Australian Cinema after Mabo
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Australian Cinema After Mabo is the first comprehensive study of Australian national cinema in the 1990s. Using the 1992 Mabo decision as a starting point, it looks at how the Mabo decision, where the founding doctrine of terra nullius was overruled, has destabilised the way Australians relate to the land. It asks how we think about Australian cinema in the post Mabo era, and what part it plays in the national process of reviewing our colonial past and the ways in which settlers and indigenous cultures can co-exist. Including The Tracker, Kiss or Kill, The Castle, Love Serenade and Yolngu Boy among numerous others, this book highlights turning points in the shaping of the Australian cinema since Mabo. It is essential reading for anyone studying Australian cinema and for those interested in the ways in which land politics has impacted upon the way we imagine ourselves through cinema.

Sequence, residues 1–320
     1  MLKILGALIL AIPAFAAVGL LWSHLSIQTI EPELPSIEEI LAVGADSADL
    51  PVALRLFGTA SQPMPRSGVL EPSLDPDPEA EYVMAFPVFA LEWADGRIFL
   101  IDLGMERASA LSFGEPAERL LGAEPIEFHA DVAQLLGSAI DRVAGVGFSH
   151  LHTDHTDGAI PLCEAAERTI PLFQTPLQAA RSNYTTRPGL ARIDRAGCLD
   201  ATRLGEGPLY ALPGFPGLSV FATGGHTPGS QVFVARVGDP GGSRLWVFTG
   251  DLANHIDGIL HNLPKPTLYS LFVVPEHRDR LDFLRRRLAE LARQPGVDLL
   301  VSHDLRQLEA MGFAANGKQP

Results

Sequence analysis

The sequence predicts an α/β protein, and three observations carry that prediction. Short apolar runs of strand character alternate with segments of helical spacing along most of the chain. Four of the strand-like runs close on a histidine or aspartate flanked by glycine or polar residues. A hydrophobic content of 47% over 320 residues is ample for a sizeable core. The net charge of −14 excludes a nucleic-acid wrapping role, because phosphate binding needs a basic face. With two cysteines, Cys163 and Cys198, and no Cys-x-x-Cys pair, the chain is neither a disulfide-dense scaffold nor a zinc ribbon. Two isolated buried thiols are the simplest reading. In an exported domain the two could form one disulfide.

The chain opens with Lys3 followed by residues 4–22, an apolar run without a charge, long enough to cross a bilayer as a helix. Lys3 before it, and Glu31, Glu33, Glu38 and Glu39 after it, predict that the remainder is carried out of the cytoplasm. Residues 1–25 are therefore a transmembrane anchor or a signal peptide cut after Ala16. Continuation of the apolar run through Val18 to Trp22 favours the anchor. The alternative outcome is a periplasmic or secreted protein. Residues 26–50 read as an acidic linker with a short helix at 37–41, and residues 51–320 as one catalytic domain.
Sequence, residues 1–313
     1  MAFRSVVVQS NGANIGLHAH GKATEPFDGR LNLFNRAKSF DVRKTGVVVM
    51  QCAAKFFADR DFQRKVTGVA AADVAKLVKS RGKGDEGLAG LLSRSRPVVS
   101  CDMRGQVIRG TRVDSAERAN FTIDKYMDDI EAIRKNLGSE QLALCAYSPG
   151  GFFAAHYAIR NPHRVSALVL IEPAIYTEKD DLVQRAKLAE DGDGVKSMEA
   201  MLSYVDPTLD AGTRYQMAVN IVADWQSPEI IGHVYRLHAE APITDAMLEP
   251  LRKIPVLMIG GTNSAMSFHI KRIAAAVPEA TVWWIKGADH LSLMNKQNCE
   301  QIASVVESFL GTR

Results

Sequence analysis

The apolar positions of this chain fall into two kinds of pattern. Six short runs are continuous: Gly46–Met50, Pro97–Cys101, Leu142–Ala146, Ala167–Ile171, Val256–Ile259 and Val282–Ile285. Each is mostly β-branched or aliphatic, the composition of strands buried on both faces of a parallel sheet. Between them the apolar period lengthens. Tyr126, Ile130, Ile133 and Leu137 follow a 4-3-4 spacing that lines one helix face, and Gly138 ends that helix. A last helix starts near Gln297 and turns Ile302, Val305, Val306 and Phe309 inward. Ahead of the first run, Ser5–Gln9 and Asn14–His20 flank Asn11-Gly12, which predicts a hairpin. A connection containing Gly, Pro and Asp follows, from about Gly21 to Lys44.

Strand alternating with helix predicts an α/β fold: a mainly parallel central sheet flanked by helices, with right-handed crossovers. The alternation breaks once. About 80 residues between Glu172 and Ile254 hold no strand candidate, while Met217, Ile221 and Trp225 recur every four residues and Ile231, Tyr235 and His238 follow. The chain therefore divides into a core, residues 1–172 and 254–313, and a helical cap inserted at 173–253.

List price: $47.99
Copyright year: 2004
Publisher: Cambridge University Press
Publication date: 10/27/2004
Size: 6.25" wide x 9.00" long x 0.50" tall
|Australian Cinema and the History Wars|
|Backtracking after Mabo|
|Home and abroad in Moulin Rouge, The Dish and Lantana|
|Elites and battlers in Australian Rules and Walking on Water|
|Mediating memory in Mabo - life of an Island Man|
|Landscape and belonging after Mabo|
|Aftershock and the desert landscape in Heaven's Burning, The Last Days of Chez Nous, Holy Smoke, Serenades, Yolngu Boy, The Missing|
|Coming from the country in Heartland, Cunnamulla and Message from Moree|
|Coming from the the city in The Castle, Vacant Possession, Strange Planet and Radiance|
|Grief, Trauma and Coming of Age|
|Lost, stolen and found in Rabbit-Proof Fence|
|Escaping history and shame in Looking for Alibrandi, Head On and Beneath Clouds|
|Sustaining grief in Japanese Story and Dreaming in Motion|